My forthcoming Medieval Wisdom for Modern Protestants will draw on a group of 20th-century British Christian imaginative writers who also happened to be scholars of the Middle Ages. G K Chesterton, C S Lewis, Charles Williams, J R R Tolkien, and Dorothy L Sayers faced the many tentacles of modernity with a sense of alarm deepening into cultural embattlement. And they sought in medieval faith and culture antidotes to modern malaises.
(A clarifying note: I use the term “Inklings” of this group, recognizing that this is a loose usage. “The Inklings” is the name adopted by the group of writers who met in C S Lewis’s rooms at Oxford to read aloud their works to each other and engage in stimulating discussions and debates. I have stretched the group to include Chesterton, who pre-dated them, and Sayers, who was a friend of Lewis’s but never attended a meeting of the all-male group. All shared Christian faith and profound similarities in cultural and literary outlook, though the group certainly represented a wide variety of opinion on any number of important topics.)
A couple of years ago, as I prepared to teach a new course titled Medieval Wisdom for Modern Ministry at Bethel, I sketched out one of those “mind maps”–a diagram with a single organizing concept at the center, surrounded by connecting lines and circles containing related concepts. The central concept was “Anti-modernism among the Inklings.” Here are the surrounding circles, in no particular order:
Humane economics and a holistic theological anthropology vs. utilitarianism and materialism; e.g. Sayers’s writings on vocation (vs. “homo economicus”) in Begin Here and essays such as “Why work?” Lewis’s Abolition of Man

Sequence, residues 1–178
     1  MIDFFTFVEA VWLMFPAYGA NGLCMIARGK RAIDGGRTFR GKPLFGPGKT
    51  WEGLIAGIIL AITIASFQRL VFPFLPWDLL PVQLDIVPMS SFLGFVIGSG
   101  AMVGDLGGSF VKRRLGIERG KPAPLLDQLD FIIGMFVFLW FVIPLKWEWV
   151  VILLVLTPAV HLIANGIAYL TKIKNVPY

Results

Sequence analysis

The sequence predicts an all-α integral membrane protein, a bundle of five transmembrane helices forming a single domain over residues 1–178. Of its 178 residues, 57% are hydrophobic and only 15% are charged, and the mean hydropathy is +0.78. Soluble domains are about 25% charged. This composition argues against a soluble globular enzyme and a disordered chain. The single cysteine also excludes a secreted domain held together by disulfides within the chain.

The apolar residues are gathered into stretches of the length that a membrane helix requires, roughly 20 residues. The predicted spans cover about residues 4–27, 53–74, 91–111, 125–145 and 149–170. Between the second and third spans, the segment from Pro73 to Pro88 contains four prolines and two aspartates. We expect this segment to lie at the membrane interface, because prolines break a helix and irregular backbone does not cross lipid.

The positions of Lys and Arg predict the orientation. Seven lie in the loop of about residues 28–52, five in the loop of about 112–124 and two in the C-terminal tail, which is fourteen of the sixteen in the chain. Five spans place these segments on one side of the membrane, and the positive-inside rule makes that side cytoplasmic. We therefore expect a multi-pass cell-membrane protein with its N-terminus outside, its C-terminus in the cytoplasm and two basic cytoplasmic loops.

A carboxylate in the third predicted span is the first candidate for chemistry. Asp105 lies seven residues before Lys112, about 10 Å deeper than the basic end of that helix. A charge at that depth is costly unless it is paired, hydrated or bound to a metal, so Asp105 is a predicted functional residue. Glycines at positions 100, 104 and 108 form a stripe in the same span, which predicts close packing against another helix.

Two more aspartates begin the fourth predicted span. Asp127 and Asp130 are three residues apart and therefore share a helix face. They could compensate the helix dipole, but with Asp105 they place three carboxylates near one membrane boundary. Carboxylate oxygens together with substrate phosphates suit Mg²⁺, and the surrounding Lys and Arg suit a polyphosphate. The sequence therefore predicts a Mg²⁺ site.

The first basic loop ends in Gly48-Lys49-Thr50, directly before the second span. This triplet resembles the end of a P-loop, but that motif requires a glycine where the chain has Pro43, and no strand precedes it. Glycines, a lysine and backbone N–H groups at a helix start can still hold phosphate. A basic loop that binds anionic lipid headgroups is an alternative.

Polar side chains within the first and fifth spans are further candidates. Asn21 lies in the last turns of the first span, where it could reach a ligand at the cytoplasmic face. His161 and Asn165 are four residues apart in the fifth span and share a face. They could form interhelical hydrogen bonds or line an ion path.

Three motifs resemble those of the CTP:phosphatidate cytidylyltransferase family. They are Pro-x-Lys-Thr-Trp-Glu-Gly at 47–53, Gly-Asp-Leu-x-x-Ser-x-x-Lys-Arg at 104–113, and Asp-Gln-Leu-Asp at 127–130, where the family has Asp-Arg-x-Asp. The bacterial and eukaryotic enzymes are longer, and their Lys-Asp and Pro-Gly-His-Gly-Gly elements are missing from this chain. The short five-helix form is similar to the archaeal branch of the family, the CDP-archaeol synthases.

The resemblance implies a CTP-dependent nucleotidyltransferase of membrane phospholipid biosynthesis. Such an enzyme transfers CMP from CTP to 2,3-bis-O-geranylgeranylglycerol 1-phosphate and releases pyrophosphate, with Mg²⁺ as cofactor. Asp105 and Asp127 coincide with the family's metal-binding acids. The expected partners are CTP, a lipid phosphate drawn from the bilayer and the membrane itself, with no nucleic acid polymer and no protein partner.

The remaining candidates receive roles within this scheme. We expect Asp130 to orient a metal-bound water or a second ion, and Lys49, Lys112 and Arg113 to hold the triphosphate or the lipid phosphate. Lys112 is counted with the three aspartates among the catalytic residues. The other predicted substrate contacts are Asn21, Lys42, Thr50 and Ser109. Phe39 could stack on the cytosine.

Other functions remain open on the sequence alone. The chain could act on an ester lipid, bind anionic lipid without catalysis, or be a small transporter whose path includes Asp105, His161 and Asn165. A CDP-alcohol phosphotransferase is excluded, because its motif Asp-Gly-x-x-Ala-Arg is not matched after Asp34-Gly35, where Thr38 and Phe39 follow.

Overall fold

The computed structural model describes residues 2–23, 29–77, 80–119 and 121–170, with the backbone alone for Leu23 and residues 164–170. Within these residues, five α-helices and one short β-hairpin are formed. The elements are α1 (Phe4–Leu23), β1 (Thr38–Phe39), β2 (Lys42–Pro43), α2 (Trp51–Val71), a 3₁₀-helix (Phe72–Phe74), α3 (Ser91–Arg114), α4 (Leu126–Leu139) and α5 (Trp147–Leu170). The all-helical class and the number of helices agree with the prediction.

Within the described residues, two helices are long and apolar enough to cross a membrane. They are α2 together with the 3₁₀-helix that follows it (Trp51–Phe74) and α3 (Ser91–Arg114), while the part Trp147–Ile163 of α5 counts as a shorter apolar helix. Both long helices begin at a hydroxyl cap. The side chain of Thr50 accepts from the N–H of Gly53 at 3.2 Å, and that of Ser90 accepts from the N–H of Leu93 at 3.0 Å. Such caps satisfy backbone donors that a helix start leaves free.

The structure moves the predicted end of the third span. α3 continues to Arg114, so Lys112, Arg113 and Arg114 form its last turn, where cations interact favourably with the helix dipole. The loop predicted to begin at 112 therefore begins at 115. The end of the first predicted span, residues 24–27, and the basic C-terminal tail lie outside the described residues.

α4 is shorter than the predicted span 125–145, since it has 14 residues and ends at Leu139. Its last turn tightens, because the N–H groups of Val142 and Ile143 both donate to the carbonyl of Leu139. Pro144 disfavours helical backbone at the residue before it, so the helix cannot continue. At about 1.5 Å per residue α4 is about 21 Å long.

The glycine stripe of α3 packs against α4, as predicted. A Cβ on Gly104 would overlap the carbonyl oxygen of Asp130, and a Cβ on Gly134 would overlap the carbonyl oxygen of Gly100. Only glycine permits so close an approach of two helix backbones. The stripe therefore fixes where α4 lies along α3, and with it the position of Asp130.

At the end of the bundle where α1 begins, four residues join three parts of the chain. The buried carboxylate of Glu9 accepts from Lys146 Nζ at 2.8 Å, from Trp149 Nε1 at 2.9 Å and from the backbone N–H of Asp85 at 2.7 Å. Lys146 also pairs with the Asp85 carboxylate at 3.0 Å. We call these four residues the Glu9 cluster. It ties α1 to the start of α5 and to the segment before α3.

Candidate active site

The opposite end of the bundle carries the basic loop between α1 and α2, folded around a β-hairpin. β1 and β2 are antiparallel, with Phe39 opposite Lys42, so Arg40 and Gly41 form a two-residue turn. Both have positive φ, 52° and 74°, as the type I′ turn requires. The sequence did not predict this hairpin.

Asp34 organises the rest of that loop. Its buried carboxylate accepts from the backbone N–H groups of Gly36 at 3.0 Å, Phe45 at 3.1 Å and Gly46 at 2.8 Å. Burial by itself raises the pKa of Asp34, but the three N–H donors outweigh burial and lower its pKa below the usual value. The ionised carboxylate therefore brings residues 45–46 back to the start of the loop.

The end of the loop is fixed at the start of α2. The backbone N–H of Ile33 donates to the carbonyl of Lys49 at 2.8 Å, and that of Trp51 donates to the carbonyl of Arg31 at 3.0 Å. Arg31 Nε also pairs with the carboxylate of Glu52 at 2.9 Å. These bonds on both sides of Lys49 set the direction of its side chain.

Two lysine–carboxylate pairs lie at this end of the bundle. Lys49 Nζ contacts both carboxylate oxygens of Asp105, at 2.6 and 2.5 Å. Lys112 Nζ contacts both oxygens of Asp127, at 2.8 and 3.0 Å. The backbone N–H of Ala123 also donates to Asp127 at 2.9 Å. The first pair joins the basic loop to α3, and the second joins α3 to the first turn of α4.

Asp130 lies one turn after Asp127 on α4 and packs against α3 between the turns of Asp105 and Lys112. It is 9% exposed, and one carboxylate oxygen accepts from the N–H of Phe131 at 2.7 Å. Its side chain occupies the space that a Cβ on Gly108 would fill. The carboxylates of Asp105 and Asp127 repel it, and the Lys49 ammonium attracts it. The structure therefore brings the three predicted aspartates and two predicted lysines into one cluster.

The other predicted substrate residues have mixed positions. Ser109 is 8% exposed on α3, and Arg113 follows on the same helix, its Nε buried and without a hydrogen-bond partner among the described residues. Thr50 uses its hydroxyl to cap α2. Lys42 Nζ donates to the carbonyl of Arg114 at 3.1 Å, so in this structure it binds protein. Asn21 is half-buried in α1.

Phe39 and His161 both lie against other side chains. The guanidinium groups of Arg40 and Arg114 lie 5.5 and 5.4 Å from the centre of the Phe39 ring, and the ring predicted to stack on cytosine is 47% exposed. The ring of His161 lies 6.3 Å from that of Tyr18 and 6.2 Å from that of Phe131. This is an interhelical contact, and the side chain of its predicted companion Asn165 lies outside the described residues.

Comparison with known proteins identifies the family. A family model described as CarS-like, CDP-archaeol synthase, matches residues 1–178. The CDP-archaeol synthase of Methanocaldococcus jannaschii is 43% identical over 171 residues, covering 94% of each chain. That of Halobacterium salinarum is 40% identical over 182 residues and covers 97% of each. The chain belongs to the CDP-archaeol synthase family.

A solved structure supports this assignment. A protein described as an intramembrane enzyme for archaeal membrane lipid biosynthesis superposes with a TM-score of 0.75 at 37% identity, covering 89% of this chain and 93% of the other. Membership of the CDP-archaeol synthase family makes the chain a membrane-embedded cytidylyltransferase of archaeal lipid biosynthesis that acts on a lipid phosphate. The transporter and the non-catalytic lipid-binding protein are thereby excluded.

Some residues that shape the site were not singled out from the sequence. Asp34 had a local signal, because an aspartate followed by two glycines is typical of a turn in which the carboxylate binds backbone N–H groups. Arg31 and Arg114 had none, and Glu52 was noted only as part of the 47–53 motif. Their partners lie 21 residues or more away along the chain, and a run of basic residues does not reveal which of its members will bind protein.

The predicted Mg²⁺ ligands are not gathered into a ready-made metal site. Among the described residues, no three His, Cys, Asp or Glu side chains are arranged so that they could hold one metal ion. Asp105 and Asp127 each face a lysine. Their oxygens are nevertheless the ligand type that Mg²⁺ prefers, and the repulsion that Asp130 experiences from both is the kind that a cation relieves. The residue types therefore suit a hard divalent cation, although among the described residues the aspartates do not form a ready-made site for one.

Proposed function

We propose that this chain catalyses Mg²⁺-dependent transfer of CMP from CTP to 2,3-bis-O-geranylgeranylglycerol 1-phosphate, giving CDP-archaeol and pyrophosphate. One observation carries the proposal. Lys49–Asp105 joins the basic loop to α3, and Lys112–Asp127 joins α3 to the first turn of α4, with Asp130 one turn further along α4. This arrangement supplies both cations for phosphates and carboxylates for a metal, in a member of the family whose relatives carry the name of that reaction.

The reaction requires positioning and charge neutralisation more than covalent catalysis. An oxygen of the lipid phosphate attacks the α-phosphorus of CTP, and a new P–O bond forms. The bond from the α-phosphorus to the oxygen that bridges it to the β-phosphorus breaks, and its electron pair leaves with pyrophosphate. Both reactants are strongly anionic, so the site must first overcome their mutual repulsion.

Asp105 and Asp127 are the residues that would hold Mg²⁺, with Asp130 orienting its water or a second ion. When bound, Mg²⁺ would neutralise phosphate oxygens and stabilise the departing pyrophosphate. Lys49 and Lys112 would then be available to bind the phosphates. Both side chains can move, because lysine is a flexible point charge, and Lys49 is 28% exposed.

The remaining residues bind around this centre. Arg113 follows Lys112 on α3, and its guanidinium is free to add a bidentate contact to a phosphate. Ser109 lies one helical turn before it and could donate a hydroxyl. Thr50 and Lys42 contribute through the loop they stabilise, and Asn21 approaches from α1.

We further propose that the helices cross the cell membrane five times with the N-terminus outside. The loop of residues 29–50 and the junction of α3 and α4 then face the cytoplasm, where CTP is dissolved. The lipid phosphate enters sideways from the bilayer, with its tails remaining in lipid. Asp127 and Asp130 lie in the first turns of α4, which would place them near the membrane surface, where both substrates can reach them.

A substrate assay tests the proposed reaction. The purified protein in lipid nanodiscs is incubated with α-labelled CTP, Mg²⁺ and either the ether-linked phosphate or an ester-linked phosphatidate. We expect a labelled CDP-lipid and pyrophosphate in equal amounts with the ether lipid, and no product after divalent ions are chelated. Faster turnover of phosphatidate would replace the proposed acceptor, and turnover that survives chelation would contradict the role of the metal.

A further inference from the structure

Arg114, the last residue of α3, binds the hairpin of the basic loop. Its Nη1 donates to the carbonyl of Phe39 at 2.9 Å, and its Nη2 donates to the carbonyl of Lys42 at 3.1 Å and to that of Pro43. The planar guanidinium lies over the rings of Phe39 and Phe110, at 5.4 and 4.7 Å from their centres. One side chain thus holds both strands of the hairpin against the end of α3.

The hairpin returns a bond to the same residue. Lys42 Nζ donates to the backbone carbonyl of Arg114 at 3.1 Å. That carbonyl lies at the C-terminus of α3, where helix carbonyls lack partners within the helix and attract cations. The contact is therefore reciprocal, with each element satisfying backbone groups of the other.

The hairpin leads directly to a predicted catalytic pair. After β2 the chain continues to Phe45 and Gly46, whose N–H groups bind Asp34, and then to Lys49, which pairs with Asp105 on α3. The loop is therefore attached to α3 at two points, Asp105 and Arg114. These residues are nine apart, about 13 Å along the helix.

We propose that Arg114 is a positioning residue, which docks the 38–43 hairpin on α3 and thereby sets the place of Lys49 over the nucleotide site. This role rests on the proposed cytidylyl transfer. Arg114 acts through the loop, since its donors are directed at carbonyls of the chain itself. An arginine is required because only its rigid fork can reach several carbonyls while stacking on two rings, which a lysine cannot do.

A sacramental view of the world vs. urban blight and the industrial rape of the land; e.g. Lewis’s Discarded Image, Williams’s Affirmative Way, Tolkien’s sacred landscapes (e.g. Lothlorien, Rivendell, Tom Bombadil & the ents)
Moral human relationships vs. modern permissiveness, decadence, and moral relativism; e.g. Lewis’s Abolition of Man, Mere Christianity, and Screwtape Letters, Sayers’s “The other six deadly sins,” the Inklings’ affection for Dante and for medieval notions of chivalry
Communal memory vs. modern amnesia; e.g. Lewis’s Cambridge address (De descriptione temporum), Tolkien’s rich mythos with its oral tradition of stories and songs, Tolkien’s and Sayers’s translations of key medieval texts
The beauty of God’s creation vs. the ugliness of modern factories and cities; e.g. Chesterton’s and Tolkien’s artistic training and sensibilities, Tolkien’s elvishness (craftsmanship as precious heritage) vs. the industrial complex of Mordor, the romanticism latent in all the Inklings’ writings
The recovery of local loyalties vs. modern totalitarianism and pasteurized world culture; e.g. Chesterton’s “What I saw in America,” Napoleon of Notting Hill, and medieval guild-based economic idealism, Tolkien’s medieval kings and races
The recovery of God vs. modern philosophical materialism; e.g. Chesterton’s Orthodoxy, Lewis’s The Silver Chair (the dialogue with the witch) and his Space Trilogy, Sayers’s apologetic essays and “Creed of St. Euthanasia”
The recovery of the church as narrative community vs. the emptiness of modernist theology; e.g. Chesterton’s Francis of Assisi, Sayers’s “The Dogma is the Drama” and Emperor Constantine and her other plays
The recovery of the suffering human/divine Jesus Christ vs. the distant Christ of modern philosophy and sentimentalized churchiness; e.g. Lewis’s The Lion, the Witch, and the Wardrobe, Sayers’s “Man Born To Be King”
The Inklings’ antimodernism had other aspects, but that’s a beginning. It’s impossible to look at their medievalism without looking at their antimodernism. The two went together.